‘Confiscate Disputed Nkonya-Alavanyo Land’


DCOP Peterkin Yentumi Gyinae
In an attempt to end the protracted land dispute characterized by sporadic attacks between the people of Nkonya and Alavanyo in the Volta Region, the Volta Regional Police Commander has recommended the confiscation of the said land by government.

According to the Deputy Commissioner of Police (DCOP) Peterkin Yentumi Gyinae, in order for the police and other security agencies to fully prevent shootings and attacks, ‘government needs to confiscate the land and turn it into a police or military camp’ thus, a jungle training facility for the security forces.

He believes that when this is done it will stop assailants from hiding in the bushes to shoot, maim and murder people in cold blood as is currently the case. DCOP Gyinae made the recommendation in an interview with DAILY GUIDE in Ho, the regional capital.

The move will also put paid to the claims by residents that the security personnel were doing little to prevent the sporadic attacks and counter attacks and for that matter, unable to protect them.

The regional commander noted that it was not prudent for security officers to secure the bushes and leave residents in the towns because the assailants could also take advantage of that to launch attacks in the communities.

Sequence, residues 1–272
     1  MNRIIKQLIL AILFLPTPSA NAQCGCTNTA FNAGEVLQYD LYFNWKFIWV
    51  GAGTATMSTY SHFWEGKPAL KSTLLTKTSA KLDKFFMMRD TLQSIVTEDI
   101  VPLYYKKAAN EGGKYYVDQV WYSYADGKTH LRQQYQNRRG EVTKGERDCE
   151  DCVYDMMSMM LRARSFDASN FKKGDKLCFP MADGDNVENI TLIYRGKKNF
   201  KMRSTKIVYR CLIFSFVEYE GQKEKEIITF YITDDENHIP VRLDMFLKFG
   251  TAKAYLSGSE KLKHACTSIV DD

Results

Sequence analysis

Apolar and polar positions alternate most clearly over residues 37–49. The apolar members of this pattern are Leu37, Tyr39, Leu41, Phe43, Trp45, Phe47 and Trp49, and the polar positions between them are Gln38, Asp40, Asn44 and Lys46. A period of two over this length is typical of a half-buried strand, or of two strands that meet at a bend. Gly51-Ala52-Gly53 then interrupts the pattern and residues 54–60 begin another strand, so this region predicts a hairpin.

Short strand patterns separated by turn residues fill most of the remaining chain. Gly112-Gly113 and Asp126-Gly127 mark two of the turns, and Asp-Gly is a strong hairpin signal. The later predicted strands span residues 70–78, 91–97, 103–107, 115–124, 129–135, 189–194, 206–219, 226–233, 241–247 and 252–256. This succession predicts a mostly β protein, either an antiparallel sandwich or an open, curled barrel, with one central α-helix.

When the disputed area is tuned into a security camp, the whole area will be rendered a ‘no-go-area’ hence, making it difficult for assailants to inhabit the bushes. That will also complement the communities’ security arrangement and also facilitate the peace talks.

The recommendation has come at a time residents of the area are beginning to flout the curfew imposed on them and gradually losing confidence in the security operations. Although leaders of the two factions had apologized to President Mahama and promised to assist the security agencies to weed out assailants taking advantage of the dispute to maim and in some cases, murder residents, attacks and shootings continue unabated.

During the Christmas period residents of Nkonya, one of the disputing communities, led by the youth, wanted to embark on a mammoth demonstration, but for the timely intervention of the combined police and military personnel.

The organizers refused to give details of the demonstration but hinted of a news conference to unveil the full details of their plight and reason behind the demonstration as well as other key concerns that needed urgent attention.

Despite this development, the regional police commander assured the public and residents in the area that the security agencies were poised to ensure that lasting peace returned to the area.

 From Fred Duodu, Ho ( [email protected] )

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